Archive for December, 2009

buy:design | vintage travel posters

Because a winter holiday is always in style. We have plenty of vintage travel posters, but these could convince me to find more wall space. Or to buy an airline ticket and pack my skis. From International Posters.

brilliant idea to go | surplus

These days I am all about people following through on their ideas and making something happen. Here’s one for you. Yale design student Benjamin Critton is selling one “unused, underused, inessential or redundant” object from his home on sale every day for 100 days. He calls it “Day In, Day Out: A Workshop in 100 Parts”.

On my first visit I found three things I wanted, to add to my own collection of too much stuff. I’m trying to show some restraint by blogging instead of buying.

Check out the site. We all have good ideas (admittedly, along with plenty of not-so-good ideas), but you have to love it when someone makes the idea happen in a simple, elegant and disciplined way. Extra points for a sense of humor.

buy:design | not-so-serious books for the curious designer on your list

Just a little help for the holiday, courtesy of re:design. You’re welcome.

I Miss My Pencil by Martin Bone and Kara Johnson (of IDEO)

What if doorbells used smell instead of sound? What if watches told time more slowly on weekends? Designers at the ground-breaking firm IDEO ask seemingly outrageous questions like these every day. I Miss My Pencil takes a voyeuristic look at what designers do daily, might get to do once, and sometimes only hope to do.

More Things Like This by the Editors of McSweeney’s

More Things Like This explores the intersection of text, humor, and illustration in art created by cartoonists, writers, musicians, and fine artists. A refreshing mixture of high, low, and sideways, the selection features nearly 300 images from dozens of contributors, including David Shrigley, Kurt Vonnegut, Leonard Cohen, Chris Johanson, David Mamet, and many more. Insightful interviews with the artists further illuminate the shared and divergent approaches they take in creating this smart, funny, and engaging work.

Pictorial Webster’s by John M. Carrera

The 1500 engravings that originally illustrated the 19th-century dictionaries of Noah Webster are a remarkably rich resource — one that lay buried in the bowels of Yale University. John Carrera has made an amazing book, collecting and restoring these illustrations from the original engravings. Collected together they tell a new story of knowledge, of nature, discoveries and innovations.

The Principles of Uncertainty By Maira Kalman

There is nothing uncertain in our full-tilt recommendation of Maira Kalman’s latest book — a series of illustrated essays combining the author’s whimsical drawings with her refreshingly unpretentious observations about — well, pretty much everything under the sun. A must-read for the whole family: or as Maira might say, mishpucha.

Thanks to Design Observer for the original reviews.

what teux deux about to do lists?

Isn’t she lovely? The new Tuex Deux online calendar, from the wonderful design blogger, Swiss Miss, also known as Tina Roth Eisenberg. It am test-driving it now, and think it’s great. You can try it too, right here.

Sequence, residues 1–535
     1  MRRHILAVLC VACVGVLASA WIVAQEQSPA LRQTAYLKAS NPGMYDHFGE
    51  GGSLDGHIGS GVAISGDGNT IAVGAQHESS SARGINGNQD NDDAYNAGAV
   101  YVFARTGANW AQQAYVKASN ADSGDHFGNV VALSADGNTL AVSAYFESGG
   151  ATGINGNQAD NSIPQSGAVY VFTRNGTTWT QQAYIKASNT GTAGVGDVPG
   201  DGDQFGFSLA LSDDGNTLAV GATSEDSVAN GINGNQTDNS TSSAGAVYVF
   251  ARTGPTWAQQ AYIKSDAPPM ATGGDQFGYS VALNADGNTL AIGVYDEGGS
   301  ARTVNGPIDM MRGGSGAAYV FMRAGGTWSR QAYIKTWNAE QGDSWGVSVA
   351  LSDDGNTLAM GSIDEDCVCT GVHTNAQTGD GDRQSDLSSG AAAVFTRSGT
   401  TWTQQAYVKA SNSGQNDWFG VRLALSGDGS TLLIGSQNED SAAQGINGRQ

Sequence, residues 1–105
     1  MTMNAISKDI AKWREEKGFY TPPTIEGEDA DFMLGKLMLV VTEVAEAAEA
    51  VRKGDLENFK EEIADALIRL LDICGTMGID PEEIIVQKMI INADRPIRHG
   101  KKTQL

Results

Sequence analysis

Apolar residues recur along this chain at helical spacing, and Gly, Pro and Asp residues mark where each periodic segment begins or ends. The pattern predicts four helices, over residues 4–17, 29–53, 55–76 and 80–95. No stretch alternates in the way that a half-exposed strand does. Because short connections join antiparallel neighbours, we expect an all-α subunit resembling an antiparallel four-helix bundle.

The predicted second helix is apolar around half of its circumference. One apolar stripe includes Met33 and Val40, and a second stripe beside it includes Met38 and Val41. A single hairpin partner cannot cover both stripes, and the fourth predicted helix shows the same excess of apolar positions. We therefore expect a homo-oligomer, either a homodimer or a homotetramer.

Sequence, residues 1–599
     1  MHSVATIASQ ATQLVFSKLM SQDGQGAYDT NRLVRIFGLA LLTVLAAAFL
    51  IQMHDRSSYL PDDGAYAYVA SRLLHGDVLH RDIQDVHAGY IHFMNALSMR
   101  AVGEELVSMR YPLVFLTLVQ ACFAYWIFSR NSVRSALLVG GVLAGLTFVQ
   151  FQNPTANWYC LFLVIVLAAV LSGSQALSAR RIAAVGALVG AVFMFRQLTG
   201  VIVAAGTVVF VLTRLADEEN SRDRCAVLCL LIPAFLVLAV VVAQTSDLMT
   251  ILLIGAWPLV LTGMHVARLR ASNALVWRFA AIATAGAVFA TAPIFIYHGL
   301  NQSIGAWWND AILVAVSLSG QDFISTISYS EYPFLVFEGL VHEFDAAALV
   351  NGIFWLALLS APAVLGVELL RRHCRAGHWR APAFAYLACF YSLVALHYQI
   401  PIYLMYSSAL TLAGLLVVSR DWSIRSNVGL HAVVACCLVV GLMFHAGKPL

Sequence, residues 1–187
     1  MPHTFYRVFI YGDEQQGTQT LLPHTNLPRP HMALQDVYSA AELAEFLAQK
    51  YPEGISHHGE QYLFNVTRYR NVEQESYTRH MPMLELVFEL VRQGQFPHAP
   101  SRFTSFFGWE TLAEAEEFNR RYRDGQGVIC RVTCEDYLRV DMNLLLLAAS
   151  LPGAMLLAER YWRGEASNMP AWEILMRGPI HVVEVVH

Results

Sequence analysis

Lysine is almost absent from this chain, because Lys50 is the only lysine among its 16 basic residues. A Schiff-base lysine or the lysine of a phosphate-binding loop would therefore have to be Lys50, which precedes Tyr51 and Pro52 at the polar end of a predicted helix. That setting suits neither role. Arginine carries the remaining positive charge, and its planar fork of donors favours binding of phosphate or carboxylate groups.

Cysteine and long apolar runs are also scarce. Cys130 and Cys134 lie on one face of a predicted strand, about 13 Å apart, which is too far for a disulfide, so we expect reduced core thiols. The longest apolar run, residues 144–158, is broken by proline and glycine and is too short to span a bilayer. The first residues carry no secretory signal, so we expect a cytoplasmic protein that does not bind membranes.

There aren’t many things that make me happier in the morning than a strong cup of coffee with a side of clean calendar.

Add restrained typography, easy to use, manipulate and change…and I am smitten, for sure. A clever name…over the moon. In lieu of an iPhone, between home and the studio I have four calendars and the same number of to-do notebooks. This one will replace my work to-do, for sure.

Try it out. It’s more fun than one deserves on a Monday morning, I promise.

buy:design | letterpress for christmas

More wonderful, fabulous, really delightful letterpress posters for anyone on your list who loves art, especially affordable art. Can’t miss gifts (and if you don’t have anyone on your list, feel free to purchase any of these for me).

From Roll & Tumble Press.

From Keep Calm Gallery.

From Because Studio.

From Yee Haw Industries.

There, didn’t that make you happy just seeing those? Multiply your happiness, and keep craft alive.

pantone’s 2010 color of the year…

It looks like Pantone is ready to take us away…to the tropics, where the clients are trusting, the deadlines are flexible and the ideas flow like, well, like umbrella drinks served in coconuts by cabana boys. But I digress.

Pantone has declared Turquise as our go-to trend this year. Here’s their narrative on why it’s the right color right now:

“Combining the serene qualities of blue and the invigorating aspects of green, Turquoise inspires thoughts of soothing, tropical waters and a comforting escape from the everyday troubles of the world, while at the same time restoring our sense of wellbeing.

In many cultures, Turquoise is believed to be a protective talisman, a color of deep compassion and healing, and a color of faith and truth, inspired by water and sky. Through years of color word-association studies, we also find that to many people, Turquoise represents an escape, taking them to a tropical paradise that is pleasant and inviting – even if it is only a fantasy.

Whether envisioned as a tranquil ocean surrounding a tropical island or a protective stone warding off evil spirits, Turquoise is a color that most people respond to positively. It is universally flattering, has appeal for men and women, and translates easily to fashion and interiors. With both warm and cool undertones, Turquoise pairs nicely with any other color in the spectrum. Turquoise adds a splash of excitement to neutrals and browns, complements reds and pinks, creates a classic maritime look with deep blues, livens up all other greens, and is especially trend-setting with yellow-greens.”

na, na, na, na…neutra face

Lady Gaga redux. A clever four minutes to lighten your day.